The Faroe Islands are an archipelago between the Norwegian Sea and the North Atlantic, about halfway between Norway and Iceland, 320 kilometres (200 miles) north-northwest of Scotland. The islands are an autonomous country within the Kingdom of Denmark.
Their area is about 1,400 square kilometres (541 square miles) with a population of 50,322 in October 2017.
The Faroes' terrain is rugged, and the islands have a sub-polar oceanic climate: windy, wet, cloudy, and cool. Despite this island group's northerly latitude, temperatures average above freezing throughout the year because of the Gulf Stream.
Between 1035 and 1814, the Faroes were part of the Hereditary Kingdom of Norway. In 1814, the Treaty of Kiel granted Denmark control over the islands, along with two other Norwegian island possessions: Greenland and Iceland.
The Faroe Islands have been a self-governing country within the Kingdom of Denmark since 1948. The Faroese have control of most domestic matters. Areas that remain the responsibility of Denmark include military defence, policing and the justice department, currency, and foreign affairs.
However, as they are not part of the same customs area as Denmark, the Faroe Islands have an independent trade policy and can establish trade agreements with other states.
The islands also have representation in the Nordic Council as members of the Danish delegation. The Faroe Islands also have their own national teams competing in certain sports.
DAY 1 Elduvik
Elduvík is located in the Funningsfjørður-inlet on Eysturoy's northeast side. The village which has a population of 23 is split into two parts by a small river. The church in Elduvík dates from 1952. Visible from Elduvík is the nearby island of Kalsoy.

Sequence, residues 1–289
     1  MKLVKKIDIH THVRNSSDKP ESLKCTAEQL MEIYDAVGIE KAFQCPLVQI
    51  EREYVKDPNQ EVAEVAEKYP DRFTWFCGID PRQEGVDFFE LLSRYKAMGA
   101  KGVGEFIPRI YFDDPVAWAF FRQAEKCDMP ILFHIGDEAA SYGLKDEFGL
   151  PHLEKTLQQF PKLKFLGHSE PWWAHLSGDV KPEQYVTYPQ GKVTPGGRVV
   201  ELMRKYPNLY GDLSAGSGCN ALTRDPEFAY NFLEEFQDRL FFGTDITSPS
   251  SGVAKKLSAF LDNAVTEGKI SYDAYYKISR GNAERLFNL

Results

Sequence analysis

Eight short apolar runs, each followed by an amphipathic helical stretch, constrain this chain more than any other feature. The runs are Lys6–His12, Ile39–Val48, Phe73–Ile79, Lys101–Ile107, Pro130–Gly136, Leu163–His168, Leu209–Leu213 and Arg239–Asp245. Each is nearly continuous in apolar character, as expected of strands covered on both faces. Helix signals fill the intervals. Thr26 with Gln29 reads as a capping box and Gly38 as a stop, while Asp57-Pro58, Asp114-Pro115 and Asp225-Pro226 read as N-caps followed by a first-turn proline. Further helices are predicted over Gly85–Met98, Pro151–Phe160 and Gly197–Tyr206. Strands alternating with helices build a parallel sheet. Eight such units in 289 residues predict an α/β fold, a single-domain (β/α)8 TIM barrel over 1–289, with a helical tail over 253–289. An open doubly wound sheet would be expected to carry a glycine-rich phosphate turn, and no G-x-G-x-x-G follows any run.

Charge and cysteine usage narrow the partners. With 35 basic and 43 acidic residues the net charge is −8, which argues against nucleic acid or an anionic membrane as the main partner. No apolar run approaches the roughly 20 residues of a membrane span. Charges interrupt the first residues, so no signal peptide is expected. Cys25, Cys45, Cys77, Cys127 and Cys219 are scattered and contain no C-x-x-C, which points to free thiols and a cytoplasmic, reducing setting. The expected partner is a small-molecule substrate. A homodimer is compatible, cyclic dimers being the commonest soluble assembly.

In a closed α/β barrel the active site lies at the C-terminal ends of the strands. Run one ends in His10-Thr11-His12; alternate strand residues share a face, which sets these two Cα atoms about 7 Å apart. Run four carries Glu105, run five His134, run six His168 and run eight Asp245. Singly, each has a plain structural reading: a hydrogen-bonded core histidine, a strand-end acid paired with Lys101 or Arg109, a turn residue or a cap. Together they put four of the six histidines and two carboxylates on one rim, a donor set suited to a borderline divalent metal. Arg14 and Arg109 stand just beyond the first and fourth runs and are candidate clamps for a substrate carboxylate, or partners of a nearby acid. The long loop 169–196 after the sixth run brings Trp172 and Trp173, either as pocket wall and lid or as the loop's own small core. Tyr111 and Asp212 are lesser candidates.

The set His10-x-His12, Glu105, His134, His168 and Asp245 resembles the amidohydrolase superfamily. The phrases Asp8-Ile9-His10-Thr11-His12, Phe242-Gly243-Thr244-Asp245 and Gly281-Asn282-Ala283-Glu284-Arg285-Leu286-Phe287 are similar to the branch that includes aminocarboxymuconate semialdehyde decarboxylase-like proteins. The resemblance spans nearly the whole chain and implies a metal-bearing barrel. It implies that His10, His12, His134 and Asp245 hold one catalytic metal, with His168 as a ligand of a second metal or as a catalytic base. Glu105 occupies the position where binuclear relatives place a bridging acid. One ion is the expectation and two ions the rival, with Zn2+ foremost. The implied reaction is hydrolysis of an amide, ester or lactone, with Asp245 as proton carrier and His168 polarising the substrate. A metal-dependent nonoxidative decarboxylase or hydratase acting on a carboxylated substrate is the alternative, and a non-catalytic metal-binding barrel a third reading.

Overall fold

This was our base for two nights to explore the best landscape spots within 30 minutes drive. Our accomodation was in a grass roofed house and built over 200 hundreds years ago. With recent renovations of the property it was very comfortable as seen in the pictures above. Click the image to see a slideshow.
Funningsfjørður is a village located at the end of a fjord of the same name. It was founded in 1812 and has since 2005 been part of the municipality of Runavík. From Elduvik its a quick 15 minute drive and on the way to other key locations 30 minutes away.
Eiði is a village located on the north-west tip of Eysturoy, Faroe Islands. Its name means isthmus in the Faroese language. The town has a population of 669 inhabitants.
Eiði was settled by Vikings in the 9th century AD. Just outside the village you can capture some great vantage points for a spectacular sunset. The drive into the valley is equally as spellbinding.
Gjógv is a village located on the northeast tip of the island of Eysturoy, in the Faroe Islands and 63 km north by road from the capital of Tórshavn.
If you are driving to Eidi you might as well have a quick look as it's only a 15 minute detour on the way back to Funingur.
The drive into Eiði before sunset was surreal with the clouds hanging low over Eiði lake. The sheep were extremely friendly and posed nicely for a sunset shot.
Day 2 Viðareiði is the northernmost settlement in the Faroe Islands and lies on the Island of Viðoy, which belongs to the Norðoyar Region. From Elduvik it takes about an hour driving through various under ground tunnels that connect the islands.
Despite not being able to see these two points because of cloud and fog cover the atmosphere of the area was eerie and calming. Calming because of the low tide and eerie because of the cloud and fog. The green grass is lush and has deep tones of dark olive.
There are more sheep (70K) than people living on the islands. Since most islands are treeless and are elongated in shape, most roads run along the perimeter. You are never more than 5km to the nearest shoreline.
It's main industry is Salmon Fish Farms which can be seen dotted everywhere. Lamb is also the main industry and all other food products are flown in daily from Denmark. At the local supermarket you find lots of fresh fruit and vegetables.
Another fun fact about the sheep is their clever use as a tourist campaign to join forces with google maps. Attaching cameras to their backs we are now able to get some unique street and mountain views.